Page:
Oakland Global Newsletter — July 2014

  • by BPC Staff
  • on July 31, 2014
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Brought to you by the Oakland Global Trade & Logistics Center and California Capital & Investment Group

Monthly Updates on the OaklanGlobal Trade & Logistics Center Project
Oakland Global News, July 2014
Dear Reader,  
Oakland Global News is a monthly newsletter for readers interested in staying current as the Oakland Global Trade & Logistics Center (former Oakland Army Base) project evolves.
Job Center Seeking Program Director
The West Oakland Job Resource Center is seeking a new program director to help guide the center toward fulfilling its mission of creating careers in the building trades, transportation, distribution and logistics sectors for low-income and underserved Oakland residents. The new director will replace Salafai Suafai, who understood the job to be a temporary assignment and plans to return working specifically with women in the building trades.
The new director is expected to start in early September and will tackle a long list of responsibilities, including the following: Organizational leadership and management, administration, resource development and communications.
The Job Center developed out of community meetings related the Oakland Global project and is incorporated into the project’s binding jobs policies. The center is a collaborative effort between the City of Oakland, employers, unions, community organizations and developers. It offers career counseling, referrals to training and employment, and assistance with apprenticeship test preparation.
Al Auletta, Program Manager for the City of Oakland Department of Economic and Workforce Development, said that application filing for the position closed on July 25. More than forty job seekers completed applications for the position, which was posted on online distribution lists and other job boards, Auletta said.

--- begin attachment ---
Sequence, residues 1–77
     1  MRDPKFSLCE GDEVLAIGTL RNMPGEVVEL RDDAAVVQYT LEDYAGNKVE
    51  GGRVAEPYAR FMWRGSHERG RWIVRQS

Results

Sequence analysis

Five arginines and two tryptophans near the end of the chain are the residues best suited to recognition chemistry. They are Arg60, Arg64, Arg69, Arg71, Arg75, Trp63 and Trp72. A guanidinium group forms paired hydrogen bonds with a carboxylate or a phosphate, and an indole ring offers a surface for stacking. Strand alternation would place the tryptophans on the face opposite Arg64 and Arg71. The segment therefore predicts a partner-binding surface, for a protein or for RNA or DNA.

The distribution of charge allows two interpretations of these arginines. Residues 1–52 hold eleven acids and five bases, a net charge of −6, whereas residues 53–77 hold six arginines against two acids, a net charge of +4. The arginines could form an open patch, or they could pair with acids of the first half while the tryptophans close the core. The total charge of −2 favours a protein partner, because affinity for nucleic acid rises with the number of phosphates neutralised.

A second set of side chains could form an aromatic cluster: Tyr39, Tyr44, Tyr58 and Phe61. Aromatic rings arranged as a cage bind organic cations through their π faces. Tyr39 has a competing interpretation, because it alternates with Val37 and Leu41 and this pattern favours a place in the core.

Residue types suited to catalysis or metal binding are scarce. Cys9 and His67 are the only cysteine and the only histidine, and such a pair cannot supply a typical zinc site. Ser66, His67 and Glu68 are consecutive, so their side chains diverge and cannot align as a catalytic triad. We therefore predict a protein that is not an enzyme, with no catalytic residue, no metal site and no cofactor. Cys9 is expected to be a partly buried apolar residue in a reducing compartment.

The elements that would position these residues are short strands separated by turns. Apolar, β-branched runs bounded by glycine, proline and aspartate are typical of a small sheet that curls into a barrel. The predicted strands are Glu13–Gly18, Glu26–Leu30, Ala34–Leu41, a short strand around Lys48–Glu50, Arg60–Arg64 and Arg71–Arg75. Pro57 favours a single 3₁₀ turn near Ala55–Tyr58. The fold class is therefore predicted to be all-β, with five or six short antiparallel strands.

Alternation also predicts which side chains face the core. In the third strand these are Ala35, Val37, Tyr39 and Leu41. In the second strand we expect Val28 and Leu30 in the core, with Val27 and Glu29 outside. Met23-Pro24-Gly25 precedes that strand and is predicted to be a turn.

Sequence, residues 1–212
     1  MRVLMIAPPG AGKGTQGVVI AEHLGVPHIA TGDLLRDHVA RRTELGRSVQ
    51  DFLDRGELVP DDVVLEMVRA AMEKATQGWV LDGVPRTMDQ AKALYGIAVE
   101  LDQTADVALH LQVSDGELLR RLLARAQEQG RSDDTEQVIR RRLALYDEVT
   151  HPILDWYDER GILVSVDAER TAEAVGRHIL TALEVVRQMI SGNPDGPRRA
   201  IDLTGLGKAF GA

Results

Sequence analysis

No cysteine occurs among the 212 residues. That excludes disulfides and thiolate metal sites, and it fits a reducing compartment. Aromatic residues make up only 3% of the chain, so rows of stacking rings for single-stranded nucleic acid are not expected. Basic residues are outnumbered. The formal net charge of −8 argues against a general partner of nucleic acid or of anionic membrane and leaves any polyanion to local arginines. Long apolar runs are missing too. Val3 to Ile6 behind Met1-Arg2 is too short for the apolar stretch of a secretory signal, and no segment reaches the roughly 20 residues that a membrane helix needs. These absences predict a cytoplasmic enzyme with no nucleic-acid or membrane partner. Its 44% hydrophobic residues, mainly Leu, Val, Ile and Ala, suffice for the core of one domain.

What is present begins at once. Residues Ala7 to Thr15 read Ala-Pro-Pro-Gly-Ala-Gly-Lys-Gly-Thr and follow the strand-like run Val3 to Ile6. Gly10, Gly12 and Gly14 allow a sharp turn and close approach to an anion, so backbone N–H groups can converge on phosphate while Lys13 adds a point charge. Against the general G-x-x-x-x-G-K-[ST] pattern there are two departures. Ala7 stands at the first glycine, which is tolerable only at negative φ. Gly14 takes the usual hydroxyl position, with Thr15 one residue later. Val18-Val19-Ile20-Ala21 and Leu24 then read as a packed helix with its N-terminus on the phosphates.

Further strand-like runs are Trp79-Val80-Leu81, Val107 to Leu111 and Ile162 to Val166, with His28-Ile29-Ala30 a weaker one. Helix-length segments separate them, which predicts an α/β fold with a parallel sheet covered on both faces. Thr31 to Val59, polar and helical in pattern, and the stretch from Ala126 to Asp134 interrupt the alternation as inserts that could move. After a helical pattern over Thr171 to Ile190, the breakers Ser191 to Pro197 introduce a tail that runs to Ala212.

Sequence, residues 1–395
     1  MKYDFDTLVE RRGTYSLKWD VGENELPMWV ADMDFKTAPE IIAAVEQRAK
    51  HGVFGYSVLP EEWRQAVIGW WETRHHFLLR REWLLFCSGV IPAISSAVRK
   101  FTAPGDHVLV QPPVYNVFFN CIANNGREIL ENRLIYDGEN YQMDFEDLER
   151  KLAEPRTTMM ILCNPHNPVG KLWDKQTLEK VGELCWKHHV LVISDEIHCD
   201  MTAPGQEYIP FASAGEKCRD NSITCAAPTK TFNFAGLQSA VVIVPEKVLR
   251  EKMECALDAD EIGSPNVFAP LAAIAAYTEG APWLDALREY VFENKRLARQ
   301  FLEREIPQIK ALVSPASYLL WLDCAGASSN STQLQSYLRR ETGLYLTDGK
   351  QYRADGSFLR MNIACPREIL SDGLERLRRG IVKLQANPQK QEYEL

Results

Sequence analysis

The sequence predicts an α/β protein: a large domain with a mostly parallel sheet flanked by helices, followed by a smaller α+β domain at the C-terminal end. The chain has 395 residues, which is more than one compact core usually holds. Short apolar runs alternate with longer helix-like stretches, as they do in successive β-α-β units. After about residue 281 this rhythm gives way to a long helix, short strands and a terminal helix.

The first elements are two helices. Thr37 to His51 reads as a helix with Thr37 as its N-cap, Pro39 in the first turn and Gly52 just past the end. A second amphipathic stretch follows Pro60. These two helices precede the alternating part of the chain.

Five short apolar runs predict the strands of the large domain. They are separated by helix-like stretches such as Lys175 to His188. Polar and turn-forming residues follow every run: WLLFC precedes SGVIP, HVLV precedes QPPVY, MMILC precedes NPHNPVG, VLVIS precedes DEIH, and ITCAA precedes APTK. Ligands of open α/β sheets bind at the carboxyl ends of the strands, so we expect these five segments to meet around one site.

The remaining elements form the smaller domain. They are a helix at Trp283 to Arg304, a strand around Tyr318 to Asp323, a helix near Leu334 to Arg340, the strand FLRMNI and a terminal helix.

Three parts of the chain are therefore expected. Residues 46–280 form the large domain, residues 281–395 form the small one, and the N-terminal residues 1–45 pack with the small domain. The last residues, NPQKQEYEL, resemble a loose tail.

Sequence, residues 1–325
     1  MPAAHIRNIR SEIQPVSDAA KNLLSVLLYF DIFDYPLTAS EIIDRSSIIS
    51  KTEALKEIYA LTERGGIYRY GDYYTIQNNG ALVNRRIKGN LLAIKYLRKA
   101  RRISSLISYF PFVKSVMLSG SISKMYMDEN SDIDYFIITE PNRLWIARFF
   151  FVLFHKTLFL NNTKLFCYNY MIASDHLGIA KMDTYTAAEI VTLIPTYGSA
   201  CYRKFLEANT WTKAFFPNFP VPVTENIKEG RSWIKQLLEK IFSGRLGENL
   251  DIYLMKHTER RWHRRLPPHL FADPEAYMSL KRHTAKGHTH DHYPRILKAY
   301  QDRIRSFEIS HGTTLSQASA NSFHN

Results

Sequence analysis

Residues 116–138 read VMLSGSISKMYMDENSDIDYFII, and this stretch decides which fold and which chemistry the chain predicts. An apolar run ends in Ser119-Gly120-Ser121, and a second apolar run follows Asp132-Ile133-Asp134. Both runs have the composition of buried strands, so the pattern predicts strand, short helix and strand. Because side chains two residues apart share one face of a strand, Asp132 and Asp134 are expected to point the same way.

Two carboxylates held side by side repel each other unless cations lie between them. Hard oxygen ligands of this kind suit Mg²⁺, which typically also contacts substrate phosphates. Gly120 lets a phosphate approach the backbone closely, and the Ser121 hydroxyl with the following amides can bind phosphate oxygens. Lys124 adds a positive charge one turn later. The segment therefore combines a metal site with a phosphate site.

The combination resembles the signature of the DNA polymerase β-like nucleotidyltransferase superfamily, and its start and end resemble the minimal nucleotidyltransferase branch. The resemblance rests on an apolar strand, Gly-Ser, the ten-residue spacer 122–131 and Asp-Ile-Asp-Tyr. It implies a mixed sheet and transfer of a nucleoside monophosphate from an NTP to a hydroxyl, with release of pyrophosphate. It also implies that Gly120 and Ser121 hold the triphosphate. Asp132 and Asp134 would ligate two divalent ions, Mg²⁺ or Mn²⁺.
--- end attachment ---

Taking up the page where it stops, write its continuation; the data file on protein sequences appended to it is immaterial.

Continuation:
The job center recently released an annual report showing that despite limited staff and resources, the center has placed a significant number of Oaklanders in jobs and referred many others to services, apprenticeships and pre-apprentice programs since March 2013.
The report, which covered the period from March 2013, when the center opened, to April 2014, shows that 625 individuals have attended orientations. Out of that number, 303 were screened for work history and interests and directed to social services, apprenticeship programs or employment. 177 individuals entered pre-apprenticeship or apprenticeship programs, or were hired by an employer. Employers include Webcor Builders, Arc Glass Co., United Parcel Service and the Oakland Global project.
A driving force for the job center was to help the Oakland Global project and other contractors working with City meet local hiring requirements. According to a community jobs agreement, at least 50 percent of Oakland Global project work hours must be performed by local residents; for each construction trade, 20 percent of work hours must be handled by apprentices; and at least 25 percent of work hours performed by apprentices have to be completed by disadvantaged workers.